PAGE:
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Lanka battles UNHRC: Geneva Chief’s comments unwarranted and pre-judgmental

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Sri Lanka strongly defended the move to do away with the 19th Amendment at the 45th Sessions of the Human Rights Council, in Geneva on Tuesday (15). Sri Lanka assured the UNHRC that the draft 20th Amendment to the Constitution submitted through the Parliament would be discussed, debated, following a complete democratic process, where all stakeholders would have the opportunity to present their views. Sri Lanka emphasized that High Commissioner’s comments on the proposed 20th Amendment were unwarranted and pre-judgmental, based on presumption.

The following is the text of statement made during the General Debate under Agenda Item 2 at the 45th Session of the UN Human Rights Council by Ms Dayani Mendis, Actg. Permanent Representative of Sri Lanka: “Sri Lanka wishes to respond to the references made by the High Commissioner for Human Rights to Sri Lanka in the ‘Global Human Rights Update’ on 14 September 2020.

As this Council is aware, since February/March this year, the entire world was challenged by the COVID-19 pandemic, a health crisis of a global scale, which had impacted many aspects of governance in many countries, and Sri Lanka was no exception.

We hope that this Council would appreciate that Sri Lanka while successfully containing the spread of COVID-19 through a balanced, multi-sectoral approach and despite this challenge, held its commitment to the democratic processes, and conducted Parliamentary elections successfully and peacefully, last month, which the EU has acknowledged.

Sri Lanka made it clear even as it withdrew from the co-sponsorship of Resolution 30/1, that it will remain committed to achieve reconciliation, accountability and human rights within the framework of the Sri Lankan Constitution, through a domestically designed and executed process in line with the Government’s policy framework. Sri Lanka would like to state further that the new Government which assumed office with the election of the new Parliament on 5 August remains committed to the assurances given before this Council in February this year.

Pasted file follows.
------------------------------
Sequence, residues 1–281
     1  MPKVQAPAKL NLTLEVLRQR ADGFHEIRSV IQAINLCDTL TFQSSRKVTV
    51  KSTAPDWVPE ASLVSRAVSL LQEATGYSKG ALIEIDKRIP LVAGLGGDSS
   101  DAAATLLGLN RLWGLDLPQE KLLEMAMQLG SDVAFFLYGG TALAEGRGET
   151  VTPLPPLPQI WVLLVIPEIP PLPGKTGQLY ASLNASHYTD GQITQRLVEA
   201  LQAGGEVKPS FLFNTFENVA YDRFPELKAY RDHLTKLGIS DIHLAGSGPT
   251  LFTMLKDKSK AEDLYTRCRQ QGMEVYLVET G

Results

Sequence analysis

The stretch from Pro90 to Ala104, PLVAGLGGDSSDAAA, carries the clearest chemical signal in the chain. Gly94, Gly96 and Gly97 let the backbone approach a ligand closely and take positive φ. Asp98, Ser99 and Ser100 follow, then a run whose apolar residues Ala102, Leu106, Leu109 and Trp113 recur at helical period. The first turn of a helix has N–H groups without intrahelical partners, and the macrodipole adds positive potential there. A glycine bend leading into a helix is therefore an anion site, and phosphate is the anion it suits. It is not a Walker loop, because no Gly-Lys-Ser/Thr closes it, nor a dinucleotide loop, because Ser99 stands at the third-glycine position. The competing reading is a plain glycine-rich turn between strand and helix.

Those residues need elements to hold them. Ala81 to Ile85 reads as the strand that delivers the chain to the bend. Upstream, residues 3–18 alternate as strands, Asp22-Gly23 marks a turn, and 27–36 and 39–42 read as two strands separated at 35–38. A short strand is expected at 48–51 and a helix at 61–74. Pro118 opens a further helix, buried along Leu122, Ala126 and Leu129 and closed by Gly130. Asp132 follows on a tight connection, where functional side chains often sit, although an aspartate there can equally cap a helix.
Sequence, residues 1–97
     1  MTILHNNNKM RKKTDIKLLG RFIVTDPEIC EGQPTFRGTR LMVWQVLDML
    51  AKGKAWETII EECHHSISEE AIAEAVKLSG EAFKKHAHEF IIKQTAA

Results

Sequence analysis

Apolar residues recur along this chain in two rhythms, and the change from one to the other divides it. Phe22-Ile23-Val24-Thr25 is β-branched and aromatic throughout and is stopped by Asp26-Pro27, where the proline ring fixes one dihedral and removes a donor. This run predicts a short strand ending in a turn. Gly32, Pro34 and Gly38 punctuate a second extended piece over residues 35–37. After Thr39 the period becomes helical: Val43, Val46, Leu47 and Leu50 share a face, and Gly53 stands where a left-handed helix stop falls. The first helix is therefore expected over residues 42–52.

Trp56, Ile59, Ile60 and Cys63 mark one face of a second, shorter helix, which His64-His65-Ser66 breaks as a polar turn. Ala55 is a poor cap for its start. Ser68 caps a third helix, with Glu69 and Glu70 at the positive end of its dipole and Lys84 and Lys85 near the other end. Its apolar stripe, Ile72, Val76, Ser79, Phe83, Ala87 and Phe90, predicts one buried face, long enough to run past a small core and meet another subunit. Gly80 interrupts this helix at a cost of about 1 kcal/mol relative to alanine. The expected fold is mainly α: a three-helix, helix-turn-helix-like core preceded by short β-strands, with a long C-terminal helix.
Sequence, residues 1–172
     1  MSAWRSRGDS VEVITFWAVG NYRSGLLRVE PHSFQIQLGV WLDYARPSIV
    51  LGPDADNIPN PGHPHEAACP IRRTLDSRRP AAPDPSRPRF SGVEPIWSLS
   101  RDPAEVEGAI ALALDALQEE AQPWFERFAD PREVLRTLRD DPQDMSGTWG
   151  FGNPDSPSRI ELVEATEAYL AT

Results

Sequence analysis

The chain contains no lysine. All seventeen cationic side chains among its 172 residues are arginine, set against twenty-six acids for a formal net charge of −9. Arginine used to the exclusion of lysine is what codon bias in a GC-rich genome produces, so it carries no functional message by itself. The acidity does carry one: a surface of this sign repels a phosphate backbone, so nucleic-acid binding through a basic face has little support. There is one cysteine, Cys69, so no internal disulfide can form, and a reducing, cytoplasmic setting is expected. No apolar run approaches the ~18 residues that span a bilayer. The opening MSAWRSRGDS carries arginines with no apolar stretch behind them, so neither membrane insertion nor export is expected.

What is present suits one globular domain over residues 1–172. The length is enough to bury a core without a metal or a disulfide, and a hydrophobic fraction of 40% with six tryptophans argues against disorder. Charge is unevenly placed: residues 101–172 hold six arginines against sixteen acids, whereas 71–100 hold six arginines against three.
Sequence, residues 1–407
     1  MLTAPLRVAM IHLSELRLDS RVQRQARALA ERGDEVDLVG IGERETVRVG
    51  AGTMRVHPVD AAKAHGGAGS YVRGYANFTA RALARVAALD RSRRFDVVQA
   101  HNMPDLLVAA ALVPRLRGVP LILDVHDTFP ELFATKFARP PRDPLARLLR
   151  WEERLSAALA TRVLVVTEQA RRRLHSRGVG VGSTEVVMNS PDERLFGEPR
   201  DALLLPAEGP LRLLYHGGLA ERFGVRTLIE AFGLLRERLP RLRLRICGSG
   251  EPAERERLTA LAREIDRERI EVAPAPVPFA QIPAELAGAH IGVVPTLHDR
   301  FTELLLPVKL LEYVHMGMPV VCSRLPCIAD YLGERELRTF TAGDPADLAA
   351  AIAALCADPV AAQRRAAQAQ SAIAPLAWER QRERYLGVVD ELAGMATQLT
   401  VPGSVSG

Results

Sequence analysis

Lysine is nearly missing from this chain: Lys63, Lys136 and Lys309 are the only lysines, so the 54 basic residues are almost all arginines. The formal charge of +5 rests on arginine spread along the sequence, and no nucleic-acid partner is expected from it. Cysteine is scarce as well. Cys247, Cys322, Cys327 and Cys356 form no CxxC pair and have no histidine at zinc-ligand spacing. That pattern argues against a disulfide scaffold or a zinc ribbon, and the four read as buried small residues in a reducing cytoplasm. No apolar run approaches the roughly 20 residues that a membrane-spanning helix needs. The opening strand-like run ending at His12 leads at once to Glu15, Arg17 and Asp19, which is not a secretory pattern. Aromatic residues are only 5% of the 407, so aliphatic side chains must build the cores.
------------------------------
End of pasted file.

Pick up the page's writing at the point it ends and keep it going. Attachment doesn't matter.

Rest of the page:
The draft 20th Amendment to the Constitution submitted through the Parliament will be discussed, debated, following a complete democratic process, where all stakeholders will have the opportunity to present their views. Therefore, the GoSL is of the view that the High Commissioner’s comments on the proposed 20th Amendment are unwarranted and pre-judgmental, based on presumption.

The GoSL wishes to state that the pardon to the former Army sergeant was granted in terms of the powers and provisions of the Constitution of Sri Lanka.

The Government rejects the false and unsubstantiated allegations leveled against senior military officials being appointed to key positions of institutions. Sri Lanka has consistently refuted the credibility of these allegations and wishes to highlight that the domestic processes such as the LLRC and Paranagama Commissions that examined these allegations particularly with regard to the last stages of the conflict, have not found substantive evidence against any of the senior military officials referred to in this regard.

In the absence of any substantive proof, Sri Lanka considers that the continued arbitrary accusations of crimes or crimes against humanity made against these senior military officials are unacceptable and a violation of the principles of natural justice.

In conclusion, with regard to allegations of surveillance and intimidation, the Government has already publicly refuted these allegations, and is committed to protecting and promoting freedom of expression and civil society space, and ensuring that complaints received on alleged attacks against journalists, human rights defenders and civil society are investigated and prosecuted.

The prime focus of this Government is to ensure national security, and to uphold the rule of law and order in the country for all its citizens, with the aim of creating “an environment where any citizen can live freely without any fear for the safety of themselves and their families.”

In line with the above policy framework, the Government is committed to achieve the Sustainable Development Goals of the UN, with a determination to uplift the lives of all its citizens and ensure that there is no threat to peace, reconciliation or development in Sri Lanka.